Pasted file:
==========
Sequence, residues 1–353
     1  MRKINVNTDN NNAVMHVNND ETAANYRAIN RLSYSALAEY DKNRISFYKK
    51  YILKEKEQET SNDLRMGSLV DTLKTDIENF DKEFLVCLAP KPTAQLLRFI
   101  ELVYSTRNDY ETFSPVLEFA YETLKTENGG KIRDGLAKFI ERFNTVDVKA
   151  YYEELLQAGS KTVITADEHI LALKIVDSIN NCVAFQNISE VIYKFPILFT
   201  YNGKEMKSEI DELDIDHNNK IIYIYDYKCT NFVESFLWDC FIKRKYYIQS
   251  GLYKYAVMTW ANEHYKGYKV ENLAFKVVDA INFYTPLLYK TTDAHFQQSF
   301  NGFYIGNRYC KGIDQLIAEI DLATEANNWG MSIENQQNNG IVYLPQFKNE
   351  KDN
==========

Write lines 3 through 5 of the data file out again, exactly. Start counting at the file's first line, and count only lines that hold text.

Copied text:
    51  YILKEKEQET SNDLRMGSLV DTLKTDIENF DKEFLVCLAP KPTAQLLRFI
   101  ELVYSTRNDY ETFSPVLEFA YETLKTENGG KIRDGLAKFI ERFNTVDVKA
   151  YYEELLQAGS KTVITADEHI LALKIVDSIN NCVAFQNISE VIYKFPILFT